Keep to the rules
27 / 02 / 2015
TRADE and commerce require internationally-agreed rules and regulations if they are to flourish, and the same can be said for air cargo, writes Roger Hailey, Air Cargo News editor.
The suggestion that Russia is considering retaliatory security legislation aimed at the European air cargo industry raises the unhappy prospect of a non-tariff barrier of the worst kind.
Its implementation, and let’s hope that common sense prevails, would mean a pointless duplication of existing security rules and a terrible waste of administrative resources.
Moscow was unhappy at being left off the European Union’s “green list” of non-member states whose existing air cargo security measures were deemed sufficiently tight to avoid certification by EU-approved inspectors.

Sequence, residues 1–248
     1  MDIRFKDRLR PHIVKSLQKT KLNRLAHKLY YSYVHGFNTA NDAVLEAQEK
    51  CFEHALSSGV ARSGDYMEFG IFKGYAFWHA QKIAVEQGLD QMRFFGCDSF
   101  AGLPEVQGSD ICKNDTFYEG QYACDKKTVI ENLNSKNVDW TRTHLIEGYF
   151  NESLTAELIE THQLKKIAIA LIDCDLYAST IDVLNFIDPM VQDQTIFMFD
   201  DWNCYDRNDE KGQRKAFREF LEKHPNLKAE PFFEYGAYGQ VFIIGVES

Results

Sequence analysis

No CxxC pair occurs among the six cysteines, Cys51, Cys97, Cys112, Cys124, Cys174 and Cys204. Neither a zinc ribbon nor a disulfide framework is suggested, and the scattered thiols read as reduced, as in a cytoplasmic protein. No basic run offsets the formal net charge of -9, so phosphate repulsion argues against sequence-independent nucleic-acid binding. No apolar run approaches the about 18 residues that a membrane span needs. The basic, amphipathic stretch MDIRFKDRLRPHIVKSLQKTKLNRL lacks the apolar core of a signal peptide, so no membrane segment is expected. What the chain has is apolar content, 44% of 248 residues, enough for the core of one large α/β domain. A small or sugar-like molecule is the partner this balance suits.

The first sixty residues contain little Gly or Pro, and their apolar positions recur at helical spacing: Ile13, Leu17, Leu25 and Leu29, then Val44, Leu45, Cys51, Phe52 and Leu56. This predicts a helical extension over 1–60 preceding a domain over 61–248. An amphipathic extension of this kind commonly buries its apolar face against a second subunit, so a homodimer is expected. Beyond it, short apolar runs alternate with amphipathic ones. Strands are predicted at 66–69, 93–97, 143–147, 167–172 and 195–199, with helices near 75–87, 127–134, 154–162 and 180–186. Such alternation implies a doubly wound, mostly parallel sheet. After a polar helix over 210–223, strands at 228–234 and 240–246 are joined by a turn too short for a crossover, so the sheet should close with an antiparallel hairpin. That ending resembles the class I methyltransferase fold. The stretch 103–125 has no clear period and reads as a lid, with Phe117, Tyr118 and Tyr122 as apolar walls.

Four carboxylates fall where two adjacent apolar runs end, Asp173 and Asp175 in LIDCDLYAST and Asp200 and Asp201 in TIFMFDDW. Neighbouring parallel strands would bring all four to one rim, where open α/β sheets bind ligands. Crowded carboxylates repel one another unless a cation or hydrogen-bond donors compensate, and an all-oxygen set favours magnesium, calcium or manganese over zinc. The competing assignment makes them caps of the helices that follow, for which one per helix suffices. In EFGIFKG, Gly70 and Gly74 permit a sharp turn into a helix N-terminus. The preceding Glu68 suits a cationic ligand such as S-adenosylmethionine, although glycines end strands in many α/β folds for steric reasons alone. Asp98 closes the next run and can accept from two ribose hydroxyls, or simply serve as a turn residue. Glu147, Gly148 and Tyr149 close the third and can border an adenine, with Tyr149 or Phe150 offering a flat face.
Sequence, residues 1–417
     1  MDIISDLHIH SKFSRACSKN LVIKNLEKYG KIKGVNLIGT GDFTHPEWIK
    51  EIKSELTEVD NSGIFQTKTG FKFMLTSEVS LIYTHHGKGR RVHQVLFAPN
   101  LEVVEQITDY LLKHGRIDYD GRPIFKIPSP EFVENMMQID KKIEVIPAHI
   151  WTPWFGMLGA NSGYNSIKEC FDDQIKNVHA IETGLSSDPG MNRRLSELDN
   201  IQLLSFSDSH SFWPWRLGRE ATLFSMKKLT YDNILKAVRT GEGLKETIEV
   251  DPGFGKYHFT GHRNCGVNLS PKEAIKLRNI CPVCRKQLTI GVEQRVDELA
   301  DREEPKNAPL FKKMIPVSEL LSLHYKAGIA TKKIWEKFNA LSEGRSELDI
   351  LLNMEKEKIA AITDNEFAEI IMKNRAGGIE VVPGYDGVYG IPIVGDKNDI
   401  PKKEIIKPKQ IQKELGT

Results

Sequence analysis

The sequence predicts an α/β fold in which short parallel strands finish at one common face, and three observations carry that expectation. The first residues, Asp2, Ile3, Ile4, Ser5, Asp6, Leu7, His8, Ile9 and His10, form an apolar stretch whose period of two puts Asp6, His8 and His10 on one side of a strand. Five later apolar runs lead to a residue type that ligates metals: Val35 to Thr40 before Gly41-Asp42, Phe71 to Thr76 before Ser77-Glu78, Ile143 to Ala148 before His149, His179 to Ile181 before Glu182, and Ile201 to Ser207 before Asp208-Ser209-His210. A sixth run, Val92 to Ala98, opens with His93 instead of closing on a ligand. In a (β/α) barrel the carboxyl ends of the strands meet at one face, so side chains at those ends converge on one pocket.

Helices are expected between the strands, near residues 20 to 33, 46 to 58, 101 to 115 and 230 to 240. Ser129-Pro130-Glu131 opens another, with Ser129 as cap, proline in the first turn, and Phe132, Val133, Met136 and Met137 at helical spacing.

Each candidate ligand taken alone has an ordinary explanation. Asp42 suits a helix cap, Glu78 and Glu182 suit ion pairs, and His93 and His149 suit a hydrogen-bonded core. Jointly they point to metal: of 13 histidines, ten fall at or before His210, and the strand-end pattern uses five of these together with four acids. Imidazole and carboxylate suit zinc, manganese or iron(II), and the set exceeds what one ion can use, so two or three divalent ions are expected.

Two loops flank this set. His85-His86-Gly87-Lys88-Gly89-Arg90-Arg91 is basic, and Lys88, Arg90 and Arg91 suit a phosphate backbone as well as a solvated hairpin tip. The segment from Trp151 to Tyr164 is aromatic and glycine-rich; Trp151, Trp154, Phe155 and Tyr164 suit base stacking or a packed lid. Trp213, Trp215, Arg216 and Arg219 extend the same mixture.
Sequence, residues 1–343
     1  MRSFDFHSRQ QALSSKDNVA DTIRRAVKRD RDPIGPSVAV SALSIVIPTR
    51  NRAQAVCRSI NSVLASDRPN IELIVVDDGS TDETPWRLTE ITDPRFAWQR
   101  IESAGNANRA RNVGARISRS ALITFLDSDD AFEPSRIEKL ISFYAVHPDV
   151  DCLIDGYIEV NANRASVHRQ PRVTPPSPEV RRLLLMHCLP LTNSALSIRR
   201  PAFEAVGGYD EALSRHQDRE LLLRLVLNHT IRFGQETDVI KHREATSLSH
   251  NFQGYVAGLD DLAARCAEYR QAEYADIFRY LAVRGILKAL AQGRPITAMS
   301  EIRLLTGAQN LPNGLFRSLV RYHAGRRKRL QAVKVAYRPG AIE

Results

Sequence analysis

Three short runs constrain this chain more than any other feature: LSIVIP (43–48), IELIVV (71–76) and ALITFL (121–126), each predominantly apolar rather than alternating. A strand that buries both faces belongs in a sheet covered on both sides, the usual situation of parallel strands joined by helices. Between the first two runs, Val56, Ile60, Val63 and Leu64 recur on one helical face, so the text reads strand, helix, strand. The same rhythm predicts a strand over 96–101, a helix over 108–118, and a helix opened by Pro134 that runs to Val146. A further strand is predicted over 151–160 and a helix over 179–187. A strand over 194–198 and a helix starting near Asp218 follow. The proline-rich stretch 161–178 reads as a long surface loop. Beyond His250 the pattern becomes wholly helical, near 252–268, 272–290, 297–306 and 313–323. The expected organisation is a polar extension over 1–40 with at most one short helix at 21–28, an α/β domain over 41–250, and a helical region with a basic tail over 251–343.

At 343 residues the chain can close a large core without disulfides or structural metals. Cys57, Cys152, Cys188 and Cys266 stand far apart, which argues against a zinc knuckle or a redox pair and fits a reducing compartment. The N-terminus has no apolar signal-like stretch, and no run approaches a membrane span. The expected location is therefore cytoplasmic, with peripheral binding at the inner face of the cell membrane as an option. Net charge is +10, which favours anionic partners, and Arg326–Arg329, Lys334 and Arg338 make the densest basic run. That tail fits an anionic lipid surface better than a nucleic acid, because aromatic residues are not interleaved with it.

Subsequent tragic events in Ukraine, with the downing of a Malaysian passenger jet, have heightened the political tension between Europe and Russia.
Unilateral legislation, without prior discussion and agreement at international level, is never to be encouraged. It is often a knee-jerk reaction that creates problems rather than solving them.
Legislators in Brussels are not blameless, in that they misjudged the Russian reaction. Russia is an important energy partner with Europe and its skies also serve as flight corridors to Asia. Moscow has important levers to pull.
Those lawmakers should learn a practical lesson and understand that full engagement with neighbouring non-member state countries is essential, however frustrating it may be.
We all hope that a reasonable compromise can be fashioned between Russia and the EU, so that European air cargo does not suffer a further setback when it lacks the economic elasticity to bounce back quickly.
It would be better all round if air cargo was not treated like a political football.